29. Cal. 483
For 3if we hit 3eorneð to wonien her mid Gricken,
`Because if we it yearn to live here amidst the Greeks'.
In conclusion, in the Early Middle English Caligula version, for is a preposition and a conjunction indicating purpose and causation; for to has a similar meaning but is still prepositional (and connected with Case) as in (28).
4. Early Middle English: Otho, late thirteenth century
In the Otho version, there is an increase in the number of times for to introduces infinitives: from 7 times in Caligula to 22 times and even though most are purposive adjuncts as in (30), (31) is an example of a complement infinitive (albeit only one) with an independent tense. Five of the 22 are separated from the infinitive by an object. They are listed in (32) to (36). However, in 2 instances an object precedes a for to infinitive, as in (37). For occurs without to not only to introduce adverbial finite clauses as in (38) and as a preposition as in (39) but also to introduce bare (purposive) infinitivals as in (40). Forte as in (41) occurs mainly to introduce finite clauses, has a temporal meaning and can be compared with the modern English preposition until which introduces finite clauses:
30. Otho, 5873
woche faire wodes. ine for to wonie.
`which fair woods to live in'.
31. Otho, 5523
moche he lofde echn(e) cniht. þat lofde for to segg(e) riht,
`Much he loved every knight who loved to say the truth'.
32. Otho, 5496
for to him reade,
`in order to counsel him'.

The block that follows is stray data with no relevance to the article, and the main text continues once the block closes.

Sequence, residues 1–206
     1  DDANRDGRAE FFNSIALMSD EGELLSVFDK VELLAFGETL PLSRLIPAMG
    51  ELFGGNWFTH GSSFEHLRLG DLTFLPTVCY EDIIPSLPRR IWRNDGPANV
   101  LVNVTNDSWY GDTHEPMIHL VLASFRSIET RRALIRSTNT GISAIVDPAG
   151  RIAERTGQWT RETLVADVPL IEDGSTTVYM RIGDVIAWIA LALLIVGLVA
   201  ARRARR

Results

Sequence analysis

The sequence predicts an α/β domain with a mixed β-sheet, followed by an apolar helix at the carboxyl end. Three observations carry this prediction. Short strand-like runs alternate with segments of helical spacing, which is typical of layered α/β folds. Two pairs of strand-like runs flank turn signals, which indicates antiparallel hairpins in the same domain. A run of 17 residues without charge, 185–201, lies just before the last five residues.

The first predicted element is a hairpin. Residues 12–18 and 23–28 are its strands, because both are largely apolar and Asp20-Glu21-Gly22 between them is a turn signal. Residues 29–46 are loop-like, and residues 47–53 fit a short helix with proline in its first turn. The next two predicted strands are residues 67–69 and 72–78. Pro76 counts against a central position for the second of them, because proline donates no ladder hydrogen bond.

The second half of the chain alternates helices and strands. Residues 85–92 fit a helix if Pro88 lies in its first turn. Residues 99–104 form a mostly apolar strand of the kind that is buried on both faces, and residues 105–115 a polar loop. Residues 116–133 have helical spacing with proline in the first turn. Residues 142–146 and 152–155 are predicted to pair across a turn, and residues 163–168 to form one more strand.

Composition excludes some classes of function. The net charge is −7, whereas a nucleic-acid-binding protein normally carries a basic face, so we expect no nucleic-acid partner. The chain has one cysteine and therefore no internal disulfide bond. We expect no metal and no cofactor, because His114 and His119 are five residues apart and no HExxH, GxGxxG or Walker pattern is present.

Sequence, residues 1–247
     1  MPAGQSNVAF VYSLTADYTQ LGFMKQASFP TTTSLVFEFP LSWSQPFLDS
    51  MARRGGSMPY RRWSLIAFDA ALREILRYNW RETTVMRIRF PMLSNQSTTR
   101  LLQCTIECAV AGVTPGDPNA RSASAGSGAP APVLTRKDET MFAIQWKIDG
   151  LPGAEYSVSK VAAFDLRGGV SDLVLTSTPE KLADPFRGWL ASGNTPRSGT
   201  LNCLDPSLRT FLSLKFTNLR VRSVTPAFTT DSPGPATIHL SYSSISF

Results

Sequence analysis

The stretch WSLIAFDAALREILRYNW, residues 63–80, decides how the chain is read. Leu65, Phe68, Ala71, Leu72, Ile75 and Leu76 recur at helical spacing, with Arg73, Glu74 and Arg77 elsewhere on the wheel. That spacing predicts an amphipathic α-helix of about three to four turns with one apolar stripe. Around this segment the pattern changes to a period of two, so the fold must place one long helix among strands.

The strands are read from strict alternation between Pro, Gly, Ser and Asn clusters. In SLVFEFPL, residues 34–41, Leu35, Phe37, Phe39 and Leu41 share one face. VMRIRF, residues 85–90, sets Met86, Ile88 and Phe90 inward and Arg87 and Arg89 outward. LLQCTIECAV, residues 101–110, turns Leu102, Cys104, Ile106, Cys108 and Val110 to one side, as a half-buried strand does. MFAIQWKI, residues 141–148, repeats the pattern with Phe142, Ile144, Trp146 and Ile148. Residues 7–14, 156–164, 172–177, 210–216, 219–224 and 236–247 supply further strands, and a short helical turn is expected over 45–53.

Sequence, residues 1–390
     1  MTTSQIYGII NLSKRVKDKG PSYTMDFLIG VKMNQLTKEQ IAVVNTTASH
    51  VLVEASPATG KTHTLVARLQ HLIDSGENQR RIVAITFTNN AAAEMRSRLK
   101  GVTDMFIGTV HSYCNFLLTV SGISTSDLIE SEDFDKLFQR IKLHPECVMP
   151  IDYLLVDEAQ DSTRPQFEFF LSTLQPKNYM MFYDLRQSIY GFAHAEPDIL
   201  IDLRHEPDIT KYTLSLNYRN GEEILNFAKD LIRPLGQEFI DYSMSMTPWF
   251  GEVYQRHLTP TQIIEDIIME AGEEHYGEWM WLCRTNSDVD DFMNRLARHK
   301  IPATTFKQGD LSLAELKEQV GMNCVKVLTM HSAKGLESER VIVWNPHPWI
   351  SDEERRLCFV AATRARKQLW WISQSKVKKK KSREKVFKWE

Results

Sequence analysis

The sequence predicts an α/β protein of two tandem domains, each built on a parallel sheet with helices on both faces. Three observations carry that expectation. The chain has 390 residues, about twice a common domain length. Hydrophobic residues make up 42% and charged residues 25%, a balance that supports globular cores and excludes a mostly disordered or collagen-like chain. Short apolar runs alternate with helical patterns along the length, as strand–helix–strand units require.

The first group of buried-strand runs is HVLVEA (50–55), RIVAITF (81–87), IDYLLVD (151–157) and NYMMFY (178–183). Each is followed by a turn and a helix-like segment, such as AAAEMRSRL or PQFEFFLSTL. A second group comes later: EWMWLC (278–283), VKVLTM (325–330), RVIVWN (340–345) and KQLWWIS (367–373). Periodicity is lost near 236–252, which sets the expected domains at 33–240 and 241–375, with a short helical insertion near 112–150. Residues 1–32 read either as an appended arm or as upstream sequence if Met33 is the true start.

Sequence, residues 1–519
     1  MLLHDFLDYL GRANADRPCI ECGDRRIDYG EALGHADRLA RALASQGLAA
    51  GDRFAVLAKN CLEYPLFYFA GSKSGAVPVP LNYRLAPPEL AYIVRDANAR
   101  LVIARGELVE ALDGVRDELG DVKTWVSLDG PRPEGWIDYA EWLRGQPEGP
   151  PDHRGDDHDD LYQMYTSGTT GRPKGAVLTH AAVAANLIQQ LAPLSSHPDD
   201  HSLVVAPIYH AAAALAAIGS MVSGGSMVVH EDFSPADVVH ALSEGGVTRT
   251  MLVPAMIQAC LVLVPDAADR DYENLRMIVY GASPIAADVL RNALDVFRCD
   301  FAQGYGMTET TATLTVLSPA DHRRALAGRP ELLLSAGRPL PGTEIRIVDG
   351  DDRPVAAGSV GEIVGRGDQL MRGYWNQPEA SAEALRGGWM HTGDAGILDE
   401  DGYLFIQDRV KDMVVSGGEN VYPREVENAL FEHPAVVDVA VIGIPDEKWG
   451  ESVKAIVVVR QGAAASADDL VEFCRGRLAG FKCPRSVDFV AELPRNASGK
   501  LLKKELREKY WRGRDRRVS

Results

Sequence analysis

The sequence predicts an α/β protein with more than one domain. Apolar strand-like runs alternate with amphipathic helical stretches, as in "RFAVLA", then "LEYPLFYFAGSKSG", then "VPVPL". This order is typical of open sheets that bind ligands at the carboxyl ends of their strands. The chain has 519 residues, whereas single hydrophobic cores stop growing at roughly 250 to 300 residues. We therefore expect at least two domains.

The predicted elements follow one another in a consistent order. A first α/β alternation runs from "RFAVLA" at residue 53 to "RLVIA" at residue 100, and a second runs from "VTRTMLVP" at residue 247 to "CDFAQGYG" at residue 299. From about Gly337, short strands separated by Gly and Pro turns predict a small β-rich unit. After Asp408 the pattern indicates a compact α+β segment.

33. Otho, 6419
for to heom kepe,
`in order to keep him'.
34. Otho, 6915
fo[r] to londes seche,
`in order to seek countries'.
35. Otho, 8488-90
wide his men sende. for to hine finde,
`Wide his men (he) sent in order to find him'.
36. Otho, 8570
for to worch makie,
`in order to make work'.
37. Otho, 3123
And lawes he sette stronge. his folk for to stewe,
`and he made strong laws to constrain his people'.
38. Otho, 249
Wide he sende ouer al þat lond. for he was leoden king,
`Wide he sent over all the country because he was the people's king'.
39. Otho, 33
and bidde for þe saule. þat hine to manne strende,
`and pray for the soul that him into man procreated' (i.e. his father)
40. Otho, 713
Corineus was to wode ivare. for hunti deor wilde,
`C. had gone to the wood, in order to hunt wild animals'.
41. Otho 3770
Alle dai was þat fiht; forte hit were dorcke niþt.
`All day lasted that fight until it was dark night'.
42. $For hire (to) hunt.
It has been argued in van Gelderen (1996) that Case marking is changed from theta-related as in Old English to structural in Otho. Assuming as in Chomsky (1995) that all structural Case is checked in an AGR-projection (either AGRs or AGRo), AGRoP is triggered in the language of Otho. AGRoP is introduced in Kayne (1989) to account for past participle agreement and is taken by Chomsky (1992) to be responsible for the Case of the object. A second change one can argue for is that infinitives are becoming verbal and that for to ceases to assign Case. For instance, the infinitival endings have disappeared in Otho when the infinitive is preceded by for to. On the basis of these changes, I suggest a structure as in (43). The changes are that a PP is no longer triggered but that an AGRoP is, and that for to is reanalyzed as being in C. The object of the infinitive checks its Case in Spec AGRoP and the infinitive is no longer Case marked but assigns Case to the object in Spec AGRoP:
43. INSERT TREE
For to is in C in (32) to (36) and (30) and (31). Sentences such as (37) are rare in Otho and may be `misanalyses', where for to is still seen as a Case marker (no longer of the infinitive but of the object of the infinitive). A reason for this may be the following. When the infinitive is nominal, (for)to assigns Case but as the infinitive (for reasons unknown) becomes verbal, for to is used to `assign' Case to the infinitival object until the infinitive is completely reanalysed as verbal and moves to AGRo itself. Thus, (37) represents an intermediate stage where for to is in AGRo as in (10) and through Spec Head Agreement checks the Case of the object: